Wilson credits the down-to-earth nature of documentarians. "Documentary filmmakers are easier to deal with than big movie stars," he says, then confides that Hollywood powerhouse Creative Artists Agency "laughed at me" when he extended an invitation to Spike (Being John Malkovich) Jonze.
Chris Clark, managing and artistic director for the St. Louis International Film Festival (SLIFF), is so keen on True/False that he feels the fest, unlike his own, could soon be mentioned in the same internationally recognized breath as Telluride, if not Sundance. If successful, Sturtz and Wilson may well generate more cinematic heat in one weekend than SLIFF has in the totality of its thirteen years -- which doesn't bother Clark one bit.
"True/False is almost ahead of its time in a way," Clark offers. "The documentary has never been this popular -- ever. I hope it catches on, and if it does, absolutely, I'll steal their ideas. There's no competition whatsoever. We're not a destination festival," he says of SLIFF. "We cater mostly to people who live here."
For the most part, the local focus has not inhibited Clark and his staff creatively; SLIFF, which skews toward foreign offerings, is generally regarded as an event that boasts some of the most innovative programming of any major metropolitan festival. But SLIFF is hardly a unique cinematic animal. Most good-size cities have a festival these days.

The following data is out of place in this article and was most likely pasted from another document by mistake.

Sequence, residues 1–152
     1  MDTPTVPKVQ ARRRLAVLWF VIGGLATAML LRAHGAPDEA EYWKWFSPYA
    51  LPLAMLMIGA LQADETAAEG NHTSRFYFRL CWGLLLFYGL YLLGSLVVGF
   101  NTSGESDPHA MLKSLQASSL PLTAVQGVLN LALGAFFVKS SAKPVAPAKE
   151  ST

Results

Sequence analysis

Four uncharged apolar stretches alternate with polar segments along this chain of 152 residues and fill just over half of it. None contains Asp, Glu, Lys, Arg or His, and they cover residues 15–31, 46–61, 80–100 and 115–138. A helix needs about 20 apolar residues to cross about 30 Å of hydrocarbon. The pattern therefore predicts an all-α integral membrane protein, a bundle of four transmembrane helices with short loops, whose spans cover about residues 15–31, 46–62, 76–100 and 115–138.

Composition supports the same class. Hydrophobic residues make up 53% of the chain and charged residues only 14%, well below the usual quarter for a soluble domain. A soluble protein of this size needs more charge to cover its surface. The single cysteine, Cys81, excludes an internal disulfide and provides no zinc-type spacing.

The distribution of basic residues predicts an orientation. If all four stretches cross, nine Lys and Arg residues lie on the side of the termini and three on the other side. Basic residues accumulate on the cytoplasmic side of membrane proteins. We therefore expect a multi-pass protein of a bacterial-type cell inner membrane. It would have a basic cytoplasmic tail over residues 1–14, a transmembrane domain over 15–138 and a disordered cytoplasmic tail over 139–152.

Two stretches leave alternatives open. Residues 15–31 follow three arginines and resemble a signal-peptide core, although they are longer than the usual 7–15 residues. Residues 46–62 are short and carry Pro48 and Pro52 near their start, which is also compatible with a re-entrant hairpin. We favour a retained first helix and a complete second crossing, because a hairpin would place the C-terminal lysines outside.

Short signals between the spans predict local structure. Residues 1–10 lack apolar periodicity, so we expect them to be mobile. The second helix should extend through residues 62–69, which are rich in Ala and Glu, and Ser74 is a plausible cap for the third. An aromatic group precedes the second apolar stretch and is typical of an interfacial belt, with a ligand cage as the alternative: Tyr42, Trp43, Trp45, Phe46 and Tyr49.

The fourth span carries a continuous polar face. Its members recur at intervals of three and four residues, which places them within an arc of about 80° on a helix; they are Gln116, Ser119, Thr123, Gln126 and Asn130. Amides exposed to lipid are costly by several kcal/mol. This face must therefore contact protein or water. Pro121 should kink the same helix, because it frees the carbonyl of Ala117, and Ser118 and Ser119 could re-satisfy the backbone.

"It's very hard to compare Milwaukee and St. Louis to Seattle or Chicago. I think they're wonderful cities, but if we set ourselves up to be the next Toronto, we're in for a disappointment," says Dave Luhrssen, executive director of the Milwaukee International Film Festival, which drew 13,000 attendees last year in its inaugural incarnation. Seattle's annual fest boasts an attendance figure of 160,000, while SLIFF reached 18,500 in 2003.
"If you try and do a big general festival that tries to do everything, there are so many of those already that to get yourself noticed and to get distributors to allow you to show a film is incredibly difficult," says Macdonald. "But if you start up in a part of the country where there isn't such a thing as a documentary or animation festival, you can stand out from the crowd."
Adds Clark: "There are precious few documentary film festivals of import."
Hype, though, is nothing more than hot air until the closing credits have rolled, as a cautiously pessimistic Luhrssen is quick to remind.
"I think it's kind of an illusion to assume that tens of thousands of college students are going to line up to see non-Hollywood movies," cautions the Milwaukee film maven.
Which re-raises the question: Is bigger and broader better? While Macdonald doesn't think so, Fog of War editor Karen Schmeer, who'll make the trip to Columbia with her film, offers a split perspective.
"It's probably nicer for [the audience] to have it more centered," says Schmeer, addressing the question of whether the small-city/niche-focus combination is an effective one. And, she concedes, it may be savvy from a business standpoint. "But I don't find them quite as fun to go to, because the variety isn't there. Also, it's kind of nice to have things to do besides see movies. Like Sundance -- it's so focused on Main Street, you don't feel like you're in the real world at all."
Then again, one might argue that the whole point of cinema is to escape, if only for two hours, the rigors of everyday life -- unless, of course, you're watching a documentary.